Animals and their people
18. Sep 2022 – 26. Mar 2023
The animal world is unleashed in the Art Chamber Rau. 68 exhibits tell the exciting story of the relationship between animals and humans from antiquity to the present, from the Egyptian cat mummy to contemporary photography. The works from the Rau Collection for UNICEF are complemented in the exhibition by a plenitude of museum and privately owned treasures.
Mythical animal creatures cavort in the art of antiquity and populate the altars of the Middle Ages. They are central figures in religion and popular belief, sometimes as helping gods, sometimes as feared demons, or accompanying saints. Such depictions reflect the traditionally close bond between animals and humans. This relationship is ambivalent, characterized by love and fear, by uncompromising possessiveness and the acceptance of a useful helper by man’s side.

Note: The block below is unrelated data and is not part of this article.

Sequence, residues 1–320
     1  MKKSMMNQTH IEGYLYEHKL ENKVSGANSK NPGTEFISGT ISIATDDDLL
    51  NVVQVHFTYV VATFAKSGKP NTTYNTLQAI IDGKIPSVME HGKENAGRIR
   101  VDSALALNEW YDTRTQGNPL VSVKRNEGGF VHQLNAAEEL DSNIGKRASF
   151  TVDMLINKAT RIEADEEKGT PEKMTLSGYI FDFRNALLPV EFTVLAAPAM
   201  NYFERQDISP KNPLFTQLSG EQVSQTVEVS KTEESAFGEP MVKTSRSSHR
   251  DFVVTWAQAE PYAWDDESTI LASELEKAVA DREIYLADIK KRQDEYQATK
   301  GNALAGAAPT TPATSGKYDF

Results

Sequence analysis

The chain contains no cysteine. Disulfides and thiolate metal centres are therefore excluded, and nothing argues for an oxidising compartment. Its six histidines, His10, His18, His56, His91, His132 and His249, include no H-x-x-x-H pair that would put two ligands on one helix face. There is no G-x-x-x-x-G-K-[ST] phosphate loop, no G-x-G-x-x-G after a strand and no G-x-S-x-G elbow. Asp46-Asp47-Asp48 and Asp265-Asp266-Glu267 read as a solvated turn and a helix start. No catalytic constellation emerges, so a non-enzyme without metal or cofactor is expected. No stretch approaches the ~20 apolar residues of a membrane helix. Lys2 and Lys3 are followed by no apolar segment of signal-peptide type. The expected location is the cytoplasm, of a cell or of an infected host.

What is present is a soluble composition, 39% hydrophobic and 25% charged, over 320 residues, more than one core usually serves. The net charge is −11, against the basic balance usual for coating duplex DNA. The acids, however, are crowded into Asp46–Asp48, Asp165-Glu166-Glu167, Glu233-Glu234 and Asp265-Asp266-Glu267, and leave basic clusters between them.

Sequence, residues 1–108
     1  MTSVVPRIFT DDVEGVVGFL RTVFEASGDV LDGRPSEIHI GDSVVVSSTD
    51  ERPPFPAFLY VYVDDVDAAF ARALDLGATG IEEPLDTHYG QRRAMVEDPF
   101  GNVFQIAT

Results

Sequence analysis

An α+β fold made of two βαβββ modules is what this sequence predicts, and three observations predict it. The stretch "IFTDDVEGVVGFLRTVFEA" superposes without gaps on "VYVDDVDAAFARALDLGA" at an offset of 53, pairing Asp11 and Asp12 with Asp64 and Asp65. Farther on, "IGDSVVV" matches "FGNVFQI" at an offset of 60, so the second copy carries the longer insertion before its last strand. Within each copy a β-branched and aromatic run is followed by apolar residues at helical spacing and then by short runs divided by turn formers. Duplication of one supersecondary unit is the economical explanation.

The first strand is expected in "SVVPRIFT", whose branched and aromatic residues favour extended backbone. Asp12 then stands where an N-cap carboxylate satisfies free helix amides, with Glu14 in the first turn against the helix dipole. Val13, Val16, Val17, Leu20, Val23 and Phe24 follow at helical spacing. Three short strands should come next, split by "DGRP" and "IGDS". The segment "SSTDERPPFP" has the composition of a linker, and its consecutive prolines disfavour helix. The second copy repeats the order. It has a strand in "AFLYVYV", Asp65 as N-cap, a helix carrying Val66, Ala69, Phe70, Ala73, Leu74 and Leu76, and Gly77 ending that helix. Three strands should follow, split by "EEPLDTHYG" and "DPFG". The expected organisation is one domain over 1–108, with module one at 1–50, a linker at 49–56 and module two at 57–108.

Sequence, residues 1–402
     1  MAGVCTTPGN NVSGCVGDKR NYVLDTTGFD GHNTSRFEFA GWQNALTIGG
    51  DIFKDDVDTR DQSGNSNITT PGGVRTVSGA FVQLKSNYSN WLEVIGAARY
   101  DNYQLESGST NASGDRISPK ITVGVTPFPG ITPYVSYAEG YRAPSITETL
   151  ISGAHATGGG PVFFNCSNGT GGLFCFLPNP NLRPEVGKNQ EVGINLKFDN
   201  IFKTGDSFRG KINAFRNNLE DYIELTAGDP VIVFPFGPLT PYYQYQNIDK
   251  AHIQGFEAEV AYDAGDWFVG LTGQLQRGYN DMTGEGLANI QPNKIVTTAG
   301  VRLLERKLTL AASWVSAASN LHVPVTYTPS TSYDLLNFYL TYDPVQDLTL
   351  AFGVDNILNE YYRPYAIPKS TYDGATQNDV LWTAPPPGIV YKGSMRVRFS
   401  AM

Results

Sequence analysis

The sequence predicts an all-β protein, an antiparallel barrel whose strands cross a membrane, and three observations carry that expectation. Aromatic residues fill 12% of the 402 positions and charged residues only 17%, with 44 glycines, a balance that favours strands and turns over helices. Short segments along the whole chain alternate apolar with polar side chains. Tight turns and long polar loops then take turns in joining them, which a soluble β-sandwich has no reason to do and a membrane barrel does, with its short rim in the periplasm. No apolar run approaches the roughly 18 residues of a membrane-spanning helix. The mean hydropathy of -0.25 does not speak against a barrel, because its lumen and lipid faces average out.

Dairy cows, sheep, horses and chickens will take centre stage in baroque imagery. The untamed wild animal, on the other hand, remains prey. Freshly shot down, retrieved by the faithful hunting dog, it is captured in the popular hunting still lifes of this era. In the seductively colourful kitchen interiors of the 17th and 18th centuries, on the other hand, the animal appears more and more fragmented. Faceless, de-individualized, it becomes a commodity.
In contrast, domestic animals such as dogs, cats, and horses have increasingly become our closest friends and companions since the 18th century. While in classical portraits the greyhound served the lord of the hunt as a badge of nobility, it now sits next to him as a companion and lap dog almost on an equal footing.
Finally, the exhibition also takes us into the present. Photographic animal portraits by Ursula Böhmer or Walter Schels bring us to eye level with our fellow creatures, while the sculpture of two peacefully grazing blue horses by Johannes Brus reminds us of a lost paradise, far removed from species extinction and climate change.